WASHINGTON (Reuters) - U.S. Treasury Secretary Henry Paulson said on Tuesday he was talking with housing finance giants Fannie Mae and Freddie Mac about policy options to ease strains in mortgage markets, including possible legislation that could expand their mortgage investment options.
“We’re talking to a wide variety of participants in that market, including Fannie Mae and Freddie Mac, and we’re thinking through options to reduce the strain in the mortgage market,” Paulson told CNBC television in an interview.
He declined to say whether the options include raising the size caps on conforming fixed-rate mortgages the government-sponsored enterprises can buy, but said the prime mortgage market was “performing very well”.
The problems are occurring in markets for non-conforming jumbo loans and in subprime markets, Paulson said.
“In order for GSES to participate in the jumbo market or in the riskier market where loan-to-value is high, this takes legislation,” Paulson said.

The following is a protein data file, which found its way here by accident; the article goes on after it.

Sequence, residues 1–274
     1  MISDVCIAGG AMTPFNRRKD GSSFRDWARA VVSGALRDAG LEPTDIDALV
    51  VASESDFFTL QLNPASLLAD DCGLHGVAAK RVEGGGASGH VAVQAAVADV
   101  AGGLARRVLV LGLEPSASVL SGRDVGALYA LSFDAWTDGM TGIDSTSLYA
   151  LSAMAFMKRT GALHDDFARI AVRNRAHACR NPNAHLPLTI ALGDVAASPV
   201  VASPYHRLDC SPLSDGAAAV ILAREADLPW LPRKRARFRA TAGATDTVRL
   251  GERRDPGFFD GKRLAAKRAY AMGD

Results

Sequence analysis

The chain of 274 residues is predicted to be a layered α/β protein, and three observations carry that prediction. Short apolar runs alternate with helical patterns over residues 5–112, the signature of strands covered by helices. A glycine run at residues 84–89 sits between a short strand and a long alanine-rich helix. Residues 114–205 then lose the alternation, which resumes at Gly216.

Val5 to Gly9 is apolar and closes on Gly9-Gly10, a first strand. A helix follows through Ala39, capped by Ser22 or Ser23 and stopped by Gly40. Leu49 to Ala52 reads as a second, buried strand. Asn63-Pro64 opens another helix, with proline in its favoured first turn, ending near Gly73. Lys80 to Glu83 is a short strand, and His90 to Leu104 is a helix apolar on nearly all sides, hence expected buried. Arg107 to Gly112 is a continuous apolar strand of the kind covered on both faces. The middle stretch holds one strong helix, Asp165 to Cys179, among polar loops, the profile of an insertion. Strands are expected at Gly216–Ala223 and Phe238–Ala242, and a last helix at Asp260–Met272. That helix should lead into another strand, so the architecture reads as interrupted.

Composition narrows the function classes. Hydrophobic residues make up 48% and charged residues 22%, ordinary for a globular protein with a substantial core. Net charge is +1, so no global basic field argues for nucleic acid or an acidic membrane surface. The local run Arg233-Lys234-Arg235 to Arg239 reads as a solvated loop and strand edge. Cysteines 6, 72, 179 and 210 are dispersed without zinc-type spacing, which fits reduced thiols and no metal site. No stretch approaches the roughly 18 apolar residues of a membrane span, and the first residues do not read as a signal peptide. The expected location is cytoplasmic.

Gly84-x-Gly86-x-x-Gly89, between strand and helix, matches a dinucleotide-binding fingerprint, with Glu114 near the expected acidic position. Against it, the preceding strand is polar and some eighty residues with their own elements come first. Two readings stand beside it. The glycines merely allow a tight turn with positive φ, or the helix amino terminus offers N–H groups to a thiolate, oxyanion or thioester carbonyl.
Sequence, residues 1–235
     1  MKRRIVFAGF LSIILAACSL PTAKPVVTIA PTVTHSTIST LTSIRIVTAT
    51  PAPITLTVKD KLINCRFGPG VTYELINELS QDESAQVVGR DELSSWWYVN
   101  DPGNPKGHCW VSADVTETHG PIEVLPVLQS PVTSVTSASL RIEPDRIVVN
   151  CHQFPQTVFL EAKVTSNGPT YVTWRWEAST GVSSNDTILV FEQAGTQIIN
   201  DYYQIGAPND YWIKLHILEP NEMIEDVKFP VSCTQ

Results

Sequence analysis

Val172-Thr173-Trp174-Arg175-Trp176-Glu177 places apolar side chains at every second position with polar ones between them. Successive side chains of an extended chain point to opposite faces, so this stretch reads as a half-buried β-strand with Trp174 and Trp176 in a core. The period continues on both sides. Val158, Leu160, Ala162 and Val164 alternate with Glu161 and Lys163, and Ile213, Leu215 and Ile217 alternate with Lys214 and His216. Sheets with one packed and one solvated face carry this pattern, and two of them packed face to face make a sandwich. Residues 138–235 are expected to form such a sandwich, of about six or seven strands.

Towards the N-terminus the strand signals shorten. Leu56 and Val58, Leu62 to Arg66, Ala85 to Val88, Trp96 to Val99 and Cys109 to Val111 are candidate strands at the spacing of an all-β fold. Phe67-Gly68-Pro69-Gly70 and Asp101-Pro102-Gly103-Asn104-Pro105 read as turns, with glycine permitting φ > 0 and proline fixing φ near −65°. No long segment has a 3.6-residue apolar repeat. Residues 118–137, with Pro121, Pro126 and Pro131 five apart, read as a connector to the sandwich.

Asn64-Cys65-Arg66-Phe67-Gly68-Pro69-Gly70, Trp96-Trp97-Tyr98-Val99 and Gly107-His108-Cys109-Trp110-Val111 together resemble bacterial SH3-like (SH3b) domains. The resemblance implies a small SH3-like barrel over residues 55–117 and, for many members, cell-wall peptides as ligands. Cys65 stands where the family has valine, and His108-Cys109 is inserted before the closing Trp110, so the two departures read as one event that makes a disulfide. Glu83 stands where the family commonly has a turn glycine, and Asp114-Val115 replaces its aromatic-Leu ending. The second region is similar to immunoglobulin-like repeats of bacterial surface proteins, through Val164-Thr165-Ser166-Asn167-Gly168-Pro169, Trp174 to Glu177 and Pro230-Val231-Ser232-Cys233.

The Treasury, in addition to its long campaign for GSE reform and a stronger regulator, “is looking at a number of options and a number of policy levers to address the issues in those markets,” he added.
U.S. Rep. Barney Frank, chairman of the House Financial Services Committee, said last week that the current limit of $417,000 on the size of home loans that can be bought by Fannie and Freddie should be raised. Frank, a Massachusetts Democrat, called on the Senate to raise the limit when it takes up its version of a GSE reform bill in September.
Paulson plans to meet later on Tuesday with Senate Banking Committee Chairman Christopher Dodd, a Connecticut Democrat who will spearhead such legislation.
The Treasury secretary said he was encouraged by signs of greater liquidity in the jumbo non-conforming mortgage market.
Paulson said the Treasury is pursuing options “to deal with areas where the market isn’t working as well.
“We’re really focused on the subprime market and we’re really focused on the homeowners, the mortgage holders who are in danger of losing their homes and thinking through policy options to address that segment of the market,” he said.